Whenever the subject of winter riding comes up, and specifically riding in Alaska, often very shortly thereafter comes The Question: Why? As many times as I've been asked that question, it's very, very rare for me to get any sort of clarification on the question itself. I guess I've always assumed it to be some amalgam of Why go there when it's cold or Why go there alone or Why the Iditarod or Why on a bike? In truth I must confess that I don't understand the question. To me, the question is more aptly phrased as Why not?
Still, many people do not or cannot understand the draw, and despite my feeble oral gropings through the years I've never come up with a very good answer. After all that, the answer seems to be more elusive than the question.
Flipping through the online news this AM I came across an article in the Anchorage Daily News, and it's a rare article in that it does a half-decent job of answering the question. Craig Medred has been the staff ADN Outdoors editor for as long as I can remember and from what I can tell he spends oodles more time outdoors than any other 10 editors (at any newspaper, anywhere) combined. So when he writes something I usually pay attention and think about what he has to say.
Direct link here.
Alaska's wilderness confounds self-importance
Published: December 7th, 2008 12:00 AM
Until you have known the northland night in the cold, white silence of winter, it is hard to imagine a landscape lit only by the dim light of the stars, yet this is the way it can be.
Then comes the moonrise and you realize the night can be startlingly bright with the spindly black spruce trees casting long shadows across the frozen muskegs.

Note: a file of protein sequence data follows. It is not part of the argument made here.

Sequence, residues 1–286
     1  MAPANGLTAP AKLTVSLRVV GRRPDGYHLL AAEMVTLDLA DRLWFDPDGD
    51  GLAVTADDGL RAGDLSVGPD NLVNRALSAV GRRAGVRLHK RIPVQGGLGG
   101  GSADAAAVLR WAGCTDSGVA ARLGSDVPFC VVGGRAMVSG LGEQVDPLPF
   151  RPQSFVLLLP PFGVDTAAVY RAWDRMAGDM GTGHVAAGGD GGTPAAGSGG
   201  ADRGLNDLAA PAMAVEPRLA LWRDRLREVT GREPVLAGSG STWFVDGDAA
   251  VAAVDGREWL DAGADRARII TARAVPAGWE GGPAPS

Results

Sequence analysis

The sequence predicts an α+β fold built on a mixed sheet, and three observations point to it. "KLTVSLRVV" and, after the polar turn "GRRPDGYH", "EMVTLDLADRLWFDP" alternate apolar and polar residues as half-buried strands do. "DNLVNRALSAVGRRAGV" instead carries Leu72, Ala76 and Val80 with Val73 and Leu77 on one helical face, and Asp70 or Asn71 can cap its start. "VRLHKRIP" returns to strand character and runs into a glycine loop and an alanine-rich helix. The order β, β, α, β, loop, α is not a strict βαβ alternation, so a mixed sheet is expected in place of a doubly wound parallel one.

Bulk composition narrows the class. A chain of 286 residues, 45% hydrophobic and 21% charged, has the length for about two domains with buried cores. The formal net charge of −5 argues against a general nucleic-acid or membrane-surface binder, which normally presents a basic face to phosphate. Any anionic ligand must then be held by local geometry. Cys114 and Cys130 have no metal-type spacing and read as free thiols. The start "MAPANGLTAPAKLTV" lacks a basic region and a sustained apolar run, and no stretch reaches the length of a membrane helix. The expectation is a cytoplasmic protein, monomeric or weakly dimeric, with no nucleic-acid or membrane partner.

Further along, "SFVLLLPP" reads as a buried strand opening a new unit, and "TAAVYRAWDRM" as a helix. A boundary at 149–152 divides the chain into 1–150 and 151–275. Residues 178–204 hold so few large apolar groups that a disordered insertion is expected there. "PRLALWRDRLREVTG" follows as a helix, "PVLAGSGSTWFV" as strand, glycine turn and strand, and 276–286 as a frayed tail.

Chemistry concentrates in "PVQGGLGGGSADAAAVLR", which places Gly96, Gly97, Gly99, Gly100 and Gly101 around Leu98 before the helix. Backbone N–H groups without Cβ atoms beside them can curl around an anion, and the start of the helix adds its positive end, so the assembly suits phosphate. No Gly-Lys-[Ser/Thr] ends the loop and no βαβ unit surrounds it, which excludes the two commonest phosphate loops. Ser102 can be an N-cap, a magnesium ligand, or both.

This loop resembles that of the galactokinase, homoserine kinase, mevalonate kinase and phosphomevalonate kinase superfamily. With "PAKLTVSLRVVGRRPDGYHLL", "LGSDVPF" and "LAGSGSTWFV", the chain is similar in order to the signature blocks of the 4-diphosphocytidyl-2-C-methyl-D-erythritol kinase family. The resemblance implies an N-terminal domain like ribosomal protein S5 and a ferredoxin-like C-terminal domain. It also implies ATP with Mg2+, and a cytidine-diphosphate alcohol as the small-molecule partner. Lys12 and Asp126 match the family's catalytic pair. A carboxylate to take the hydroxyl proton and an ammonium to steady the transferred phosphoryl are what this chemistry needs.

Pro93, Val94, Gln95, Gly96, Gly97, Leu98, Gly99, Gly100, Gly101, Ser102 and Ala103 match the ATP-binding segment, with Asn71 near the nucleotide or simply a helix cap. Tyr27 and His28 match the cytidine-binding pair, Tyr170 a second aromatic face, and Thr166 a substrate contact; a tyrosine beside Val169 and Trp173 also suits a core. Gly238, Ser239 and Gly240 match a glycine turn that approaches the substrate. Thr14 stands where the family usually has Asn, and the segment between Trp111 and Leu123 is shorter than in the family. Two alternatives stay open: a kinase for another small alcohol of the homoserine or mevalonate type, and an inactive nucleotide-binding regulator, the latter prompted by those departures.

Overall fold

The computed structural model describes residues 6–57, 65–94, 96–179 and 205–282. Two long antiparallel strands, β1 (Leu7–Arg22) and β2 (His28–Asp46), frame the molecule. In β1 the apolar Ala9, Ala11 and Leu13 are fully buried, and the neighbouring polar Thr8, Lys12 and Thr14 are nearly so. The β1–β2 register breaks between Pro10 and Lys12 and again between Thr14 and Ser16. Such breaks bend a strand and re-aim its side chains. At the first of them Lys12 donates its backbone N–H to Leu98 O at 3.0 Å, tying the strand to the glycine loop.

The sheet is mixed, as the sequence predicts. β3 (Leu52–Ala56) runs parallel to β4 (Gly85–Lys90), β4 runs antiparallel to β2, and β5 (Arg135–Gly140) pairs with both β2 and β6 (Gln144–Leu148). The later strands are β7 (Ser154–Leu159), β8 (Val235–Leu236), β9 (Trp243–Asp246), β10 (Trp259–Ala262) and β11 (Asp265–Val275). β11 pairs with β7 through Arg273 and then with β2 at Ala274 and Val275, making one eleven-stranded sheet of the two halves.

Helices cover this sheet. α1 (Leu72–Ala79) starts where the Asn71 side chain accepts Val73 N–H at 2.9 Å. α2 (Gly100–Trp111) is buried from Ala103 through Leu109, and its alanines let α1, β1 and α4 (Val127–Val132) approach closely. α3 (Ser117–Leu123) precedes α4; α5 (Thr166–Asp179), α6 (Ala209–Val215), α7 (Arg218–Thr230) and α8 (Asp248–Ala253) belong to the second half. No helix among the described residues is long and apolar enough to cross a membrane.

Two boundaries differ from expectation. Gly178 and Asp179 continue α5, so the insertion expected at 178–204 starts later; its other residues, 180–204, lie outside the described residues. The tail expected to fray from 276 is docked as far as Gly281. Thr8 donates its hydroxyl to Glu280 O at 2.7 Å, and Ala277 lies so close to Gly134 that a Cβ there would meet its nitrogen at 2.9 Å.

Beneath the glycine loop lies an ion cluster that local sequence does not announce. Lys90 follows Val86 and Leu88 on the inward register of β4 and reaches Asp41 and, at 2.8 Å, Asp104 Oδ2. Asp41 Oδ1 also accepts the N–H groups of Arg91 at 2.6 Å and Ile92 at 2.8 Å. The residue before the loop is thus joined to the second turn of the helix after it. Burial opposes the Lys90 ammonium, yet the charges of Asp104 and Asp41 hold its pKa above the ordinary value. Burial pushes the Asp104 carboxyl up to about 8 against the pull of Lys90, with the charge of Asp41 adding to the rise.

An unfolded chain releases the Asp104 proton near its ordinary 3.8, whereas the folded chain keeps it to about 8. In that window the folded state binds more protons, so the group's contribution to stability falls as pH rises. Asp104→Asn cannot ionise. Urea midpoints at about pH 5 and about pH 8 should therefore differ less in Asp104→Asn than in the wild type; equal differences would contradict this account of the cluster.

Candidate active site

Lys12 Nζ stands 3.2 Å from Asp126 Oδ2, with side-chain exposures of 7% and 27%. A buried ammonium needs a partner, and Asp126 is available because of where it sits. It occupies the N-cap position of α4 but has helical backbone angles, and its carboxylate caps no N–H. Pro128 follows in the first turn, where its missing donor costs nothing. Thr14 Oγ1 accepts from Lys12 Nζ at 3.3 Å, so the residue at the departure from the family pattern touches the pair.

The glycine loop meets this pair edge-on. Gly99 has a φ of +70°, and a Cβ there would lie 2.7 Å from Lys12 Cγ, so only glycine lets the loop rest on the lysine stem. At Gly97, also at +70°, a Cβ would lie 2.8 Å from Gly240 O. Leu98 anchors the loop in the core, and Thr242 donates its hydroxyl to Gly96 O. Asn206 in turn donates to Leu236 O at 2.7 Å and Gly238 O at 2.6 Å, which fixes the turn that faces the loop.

To be on the trail on a night like this with a dog or dogs who are among your best friends might be the greatest experience you will ever know if your heart runs toward the wild places.
Even along the edges of Alaska's largest city, this otherworld of winter comprises a special place if for no other reason than that the wilderness of our times, especially now just past the dawn of the 21st century, is not so much in the landscape as in the climate and the weather.
The weather is the last great wild thing uncontrolled and unchanged by the hand of man. We have gained dominion over almost everything else. We manipulate the populations of the animals to our liking. We tunnel the mountains for our roads, and fill the swamps to build our parking lots, and send our steel-glass monuments to modernity into the sky almost anywhere we want.
On a daily basis, we revel in man-made comforts as we move from warm centrally heated dwellings to warm steel steeds that transport us to the warm hum of offices and businesses. That anything lives on the planet other than people and their machines is sometimes almost easy to forget in this work-a-day world, save for those occasions when Mother Nature summons her last wild forces to rain devastation, or at least inconvenience, down upon us.